Tibet’s traditional architecture – folk house
Tibetan architecture contains Chinese and Indian influence, but has many unique features brought about by its adaptation to the cold, generally arid, high-altitude climate of the Tibetan plateau. The Tibet’s traditional architecture – folk house reflects the features most.
Tibet has produced one of the world's most unique and easily-recognizable forms of architecture. Nevertheless, systematic study of Tibetan architecture is still a comparatively unexplored field.
Tibetan construction activities can be traced back over 1300 years, when the first Buddhist temples were built in central Tibet. One of these, the Lhasa Jokhang, still exists and yields important information about the origins and early development of Tibetan architecture.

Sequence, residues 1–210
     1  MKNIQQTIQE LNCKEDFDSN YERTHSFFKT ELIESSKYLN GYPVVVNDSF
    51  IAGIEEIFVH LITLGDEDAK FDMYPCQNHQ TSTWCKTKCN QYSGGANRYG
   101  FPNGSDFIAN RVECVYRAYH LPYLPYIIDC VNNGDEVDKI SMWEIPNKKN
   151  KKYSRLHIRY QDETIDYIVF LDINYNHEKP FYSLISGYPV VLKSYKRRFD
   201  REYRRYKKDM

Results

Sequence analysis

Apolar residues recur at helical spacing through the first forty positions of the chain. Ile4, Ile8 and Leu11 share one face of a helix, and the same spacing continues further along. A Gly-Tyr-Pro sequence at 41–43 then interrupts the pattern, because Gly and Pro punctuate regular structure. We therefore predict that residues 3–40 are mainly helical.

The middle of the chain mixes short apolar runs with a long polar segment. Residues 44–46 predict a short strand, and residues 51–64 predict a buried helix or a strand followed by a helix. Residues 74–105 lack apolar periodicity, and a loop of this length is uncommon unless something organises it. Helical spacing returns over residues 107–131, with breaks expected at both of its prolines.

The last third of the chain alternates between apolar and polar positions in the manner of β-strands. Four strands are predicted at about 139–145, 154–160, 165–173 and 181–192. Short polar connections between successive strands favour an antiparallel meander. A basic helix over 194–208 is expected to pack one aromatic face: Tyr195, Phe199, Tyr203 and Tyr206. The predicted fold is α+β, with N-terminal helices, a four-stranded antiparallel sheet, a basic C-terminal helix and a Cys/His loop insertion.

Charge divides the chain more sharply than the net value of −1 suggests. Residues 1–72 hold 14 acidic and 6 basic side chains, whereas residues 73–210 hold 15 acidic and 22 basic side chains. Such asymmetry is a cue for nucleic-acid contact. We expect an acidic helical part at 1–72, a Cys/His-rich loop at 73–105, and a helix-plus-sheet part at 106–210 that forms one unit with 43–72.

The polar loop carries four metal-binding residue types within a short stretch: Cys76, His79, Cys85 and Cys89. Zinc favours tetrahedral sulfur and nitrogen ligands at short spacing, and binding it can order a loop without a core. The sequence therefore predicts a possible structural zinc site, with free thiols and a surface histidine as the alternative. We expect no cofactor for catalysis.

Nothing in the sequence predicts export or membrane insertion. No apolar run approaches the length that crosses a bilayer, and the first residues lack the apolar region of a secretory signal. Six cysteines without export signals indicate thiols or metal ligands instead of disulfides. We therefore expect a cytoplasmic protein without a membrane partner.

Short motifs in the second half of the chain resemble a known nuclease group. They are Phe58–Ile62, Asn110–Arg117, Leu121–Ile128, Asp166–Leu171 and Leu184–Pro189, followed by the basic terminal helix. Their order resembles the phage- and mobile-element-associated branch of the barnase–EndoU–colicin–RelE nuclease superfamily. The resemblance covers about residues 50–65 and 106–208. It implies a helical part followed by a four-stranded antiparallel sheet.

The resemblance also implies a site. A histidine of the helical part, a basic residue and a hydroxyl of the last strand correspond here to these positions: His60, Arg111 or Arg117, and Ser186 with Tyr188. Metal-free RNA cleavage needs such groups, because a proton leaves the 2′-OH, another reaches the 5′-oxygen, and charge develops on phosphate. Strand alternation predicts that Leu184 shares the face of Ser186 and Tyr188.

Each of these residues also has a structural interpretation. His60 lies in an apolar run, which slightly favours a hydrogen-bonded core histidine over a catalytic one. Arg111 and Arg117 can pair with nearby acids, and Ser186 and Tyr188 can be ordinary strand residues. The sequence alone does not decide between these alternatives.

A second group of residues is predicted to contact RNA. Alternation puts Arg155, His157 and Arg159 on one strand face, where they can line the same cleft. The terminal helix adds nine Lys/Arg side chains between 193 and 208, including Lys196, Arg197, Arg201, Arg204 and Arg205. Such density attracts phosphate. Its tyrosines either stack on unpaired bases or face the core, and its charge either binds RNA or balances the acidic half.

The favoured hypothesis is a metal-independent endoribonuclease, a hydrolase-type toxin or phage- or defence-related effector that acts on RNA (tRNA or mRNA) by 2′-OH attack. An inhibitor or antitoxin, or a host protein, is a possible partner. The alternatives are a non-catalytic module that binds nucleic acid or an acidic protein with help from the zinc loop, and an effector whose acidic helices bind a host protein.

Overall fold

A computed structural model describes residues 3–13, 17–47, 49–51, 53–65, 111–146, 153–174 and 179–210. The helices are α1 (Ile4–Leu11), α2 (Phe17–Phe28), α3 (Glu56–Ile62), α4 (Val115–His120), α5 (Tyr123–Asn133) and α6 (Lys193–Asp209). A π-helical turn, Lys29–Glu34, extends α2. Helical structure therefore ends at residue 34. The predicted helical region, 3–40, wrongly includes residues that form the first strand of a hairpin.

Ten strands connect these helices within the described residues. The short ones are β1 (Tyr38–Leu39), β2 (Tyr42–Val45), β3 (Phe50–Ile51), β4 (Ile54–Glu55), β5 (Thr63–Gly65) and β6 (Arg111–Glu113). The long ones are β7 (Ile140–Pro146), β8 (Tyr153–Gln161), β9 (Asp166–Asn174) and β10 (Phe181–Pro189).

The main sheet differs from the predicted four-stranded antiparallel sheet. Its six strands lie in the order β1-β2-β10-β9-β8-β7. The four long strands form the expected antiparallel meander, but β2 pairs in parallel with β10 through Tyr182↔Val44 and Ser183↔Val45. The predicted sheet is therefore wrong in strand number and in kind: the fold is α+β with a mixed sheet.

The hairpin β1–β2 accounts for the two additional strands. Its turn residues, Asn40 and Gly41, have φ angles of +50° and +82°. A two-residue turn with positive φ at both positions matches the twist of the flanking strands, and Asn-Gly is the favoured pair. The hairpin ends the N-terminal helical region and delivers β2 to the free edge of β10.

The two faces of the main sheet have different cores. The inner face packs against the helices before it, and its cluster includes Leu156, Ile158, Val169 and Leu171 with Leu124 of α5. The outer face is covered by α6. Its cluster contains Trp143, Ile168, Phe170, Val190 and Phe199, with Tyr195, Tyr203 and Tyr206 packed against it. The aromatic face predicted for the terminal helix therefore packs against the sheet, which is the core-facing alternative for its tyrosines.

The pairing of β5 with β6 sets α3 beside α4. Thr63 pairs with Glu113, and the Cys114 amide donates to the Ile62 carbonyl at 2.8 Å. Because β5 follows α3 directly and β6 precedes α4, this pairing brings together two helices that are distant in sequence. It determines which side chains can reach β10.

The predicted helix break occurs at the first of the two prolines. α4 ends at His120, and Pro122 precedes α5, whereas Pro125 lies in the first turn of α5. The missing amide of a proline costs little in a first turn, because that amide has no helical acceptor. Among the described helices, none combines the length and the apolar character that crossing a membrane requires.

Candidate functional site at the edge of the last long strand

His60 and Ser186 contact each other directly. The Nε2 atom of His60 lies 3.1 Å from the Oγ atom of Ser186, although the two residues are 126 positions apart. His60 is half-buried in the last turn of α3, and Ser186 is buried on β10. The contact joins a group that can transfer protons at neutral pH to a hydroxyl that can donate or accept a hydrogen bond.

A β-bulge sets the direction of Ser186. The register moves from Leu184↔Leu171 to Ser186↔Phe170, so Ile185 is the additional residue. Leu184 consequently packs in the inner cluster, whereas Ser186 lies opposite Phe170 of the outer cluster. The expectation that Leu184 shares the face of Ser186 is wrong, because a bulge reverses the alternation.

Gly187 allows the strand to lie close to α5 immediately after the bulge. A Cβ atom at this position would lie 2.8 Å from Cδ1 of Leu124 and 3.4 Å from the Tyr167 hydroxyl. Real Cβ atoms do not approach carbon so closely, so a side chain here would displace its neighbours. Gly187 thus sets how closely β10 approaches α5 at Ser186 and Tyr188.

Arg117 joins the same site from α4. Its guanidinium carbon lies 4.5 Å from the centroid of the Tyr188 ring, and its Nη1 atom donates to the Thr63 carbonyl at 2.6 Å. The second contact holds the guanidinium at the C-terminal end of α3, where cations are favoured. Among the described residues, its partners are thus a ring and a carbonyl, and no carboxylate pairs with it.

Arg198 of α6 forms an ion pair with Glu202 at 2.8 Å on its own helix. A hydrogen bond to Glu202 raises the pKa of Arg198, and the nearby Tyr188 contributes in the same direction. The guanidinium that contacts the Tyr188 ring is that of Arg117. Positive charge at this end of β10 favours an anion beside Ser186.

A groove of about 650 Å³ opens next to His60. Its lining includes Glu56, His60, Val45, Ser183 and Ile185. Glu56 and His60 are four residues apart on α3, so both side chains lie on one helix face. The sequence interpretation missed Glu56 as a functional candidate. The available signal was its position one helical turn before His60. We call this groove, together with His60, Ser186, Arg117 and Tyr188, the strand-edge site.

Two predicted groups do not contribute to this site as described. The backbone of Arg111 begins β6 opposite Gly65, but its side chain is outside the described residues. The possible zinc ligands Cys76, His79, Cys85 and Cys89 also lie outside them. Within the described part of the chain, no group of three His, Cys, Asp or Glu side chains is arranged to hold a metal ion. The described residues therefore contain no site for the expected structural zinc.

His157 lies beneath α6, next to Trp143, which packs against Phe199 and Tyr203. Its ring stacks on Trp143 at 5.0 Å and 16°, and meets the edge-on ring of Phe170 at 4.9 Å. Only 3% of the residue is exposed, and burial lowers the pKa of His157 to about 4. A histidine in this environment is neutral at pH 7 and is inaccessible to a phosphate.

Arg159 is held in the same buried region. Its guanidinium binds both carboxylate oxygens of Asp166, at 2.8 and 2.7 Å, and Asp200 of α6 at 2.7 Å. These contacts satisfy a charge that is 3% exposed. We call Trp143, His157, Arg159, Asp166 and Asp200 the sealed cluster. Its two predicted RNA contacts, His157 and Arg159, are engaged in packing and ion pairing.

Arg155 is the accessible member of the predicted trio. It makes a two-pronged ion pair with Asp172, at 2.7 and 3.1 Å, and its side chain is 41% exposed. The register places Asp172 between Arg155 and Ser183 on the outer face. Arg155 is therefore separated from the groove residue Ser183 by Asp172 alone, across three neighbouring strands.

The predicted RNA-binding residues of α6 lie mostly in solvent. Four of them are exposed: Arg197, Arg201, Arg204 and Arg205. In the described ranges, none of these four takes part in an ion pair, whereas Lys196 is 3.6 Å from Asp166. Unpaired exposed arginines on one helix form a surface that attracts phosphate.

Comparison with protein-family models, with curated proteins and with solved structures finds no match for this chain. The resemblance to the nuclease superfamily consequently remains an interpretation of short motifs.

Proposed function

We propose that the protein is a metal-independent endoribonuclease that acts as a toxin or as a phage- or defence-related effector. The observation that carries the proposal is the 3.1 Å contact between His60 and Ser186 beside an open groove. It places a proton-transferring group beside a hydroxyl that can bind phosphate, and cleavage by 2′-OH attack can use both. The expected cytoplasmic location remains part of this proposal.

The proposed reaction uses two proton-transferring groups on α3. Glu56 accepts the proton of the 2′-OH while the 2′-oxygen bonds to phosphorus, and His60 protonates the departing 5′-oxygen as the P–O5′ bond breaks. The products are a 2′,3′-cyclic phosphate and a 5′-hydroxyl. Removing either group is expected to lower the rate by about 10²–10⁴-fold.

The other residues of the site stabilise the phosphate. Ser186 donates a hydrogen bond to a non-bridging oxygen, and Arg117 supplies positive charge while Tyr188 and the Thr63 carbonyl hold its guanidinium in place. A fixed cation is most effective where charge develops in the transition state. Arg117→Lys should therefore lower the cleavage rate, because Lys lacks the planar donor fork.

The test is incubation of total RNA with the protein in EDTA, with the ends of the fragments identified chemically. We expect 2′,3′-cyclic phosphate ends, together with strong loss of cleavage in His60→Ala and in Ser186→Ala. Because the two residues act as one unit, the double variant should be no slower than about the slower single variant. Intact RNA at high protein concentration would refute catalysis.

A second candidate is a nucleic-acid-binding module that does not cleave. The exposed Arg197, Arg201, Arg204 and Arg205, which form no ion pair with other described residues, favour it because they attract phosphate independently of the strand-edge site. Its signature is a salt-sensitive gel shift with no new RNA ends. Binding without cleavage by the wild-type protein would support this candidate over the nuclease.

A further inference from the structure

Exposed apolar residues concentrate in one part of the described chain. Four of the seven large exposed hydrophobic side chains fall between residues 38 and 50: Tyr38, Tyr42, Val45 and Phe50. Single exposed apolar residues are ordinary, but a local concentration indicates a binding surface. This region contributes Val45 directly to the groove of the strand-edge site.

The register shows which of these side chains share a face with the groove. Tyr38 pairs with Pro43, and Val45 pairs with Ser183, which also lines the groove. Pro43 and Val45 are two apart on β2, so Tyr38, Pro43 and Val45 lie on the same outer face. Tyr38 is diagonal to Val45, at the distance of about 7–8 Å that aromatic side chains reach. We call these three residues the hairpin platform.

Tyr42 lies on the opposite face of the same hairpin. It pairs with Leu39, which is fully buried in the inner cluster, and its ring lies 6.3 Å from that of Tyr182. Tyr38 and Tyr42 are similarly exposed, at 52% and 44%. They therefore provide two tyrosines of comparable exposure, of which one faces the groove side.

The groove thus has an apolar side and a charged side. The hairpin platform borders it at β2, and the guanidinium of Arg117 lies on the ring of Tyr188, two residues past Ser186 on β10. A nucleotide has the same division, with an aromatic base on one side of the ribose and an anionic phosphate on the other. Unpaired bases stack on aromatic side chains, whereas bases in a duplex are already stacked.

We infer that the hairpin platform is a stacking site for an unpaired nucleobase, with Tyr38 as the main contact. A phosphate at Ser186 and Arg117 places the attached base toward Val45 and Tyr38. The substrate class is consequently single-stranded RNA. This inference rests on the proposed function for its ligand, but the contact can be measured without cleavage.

The earliest surviving Tibetan religious monuments are closely based on Indian prototypes. Later temples and monuments, built after the period of the second diffusion of Buddhism, are very similar to Tibetan vernacular architecture. They show only limited foreign architectural influences. The earliest extant defensive structures appear likewise to be based on indigenous designs and technologies.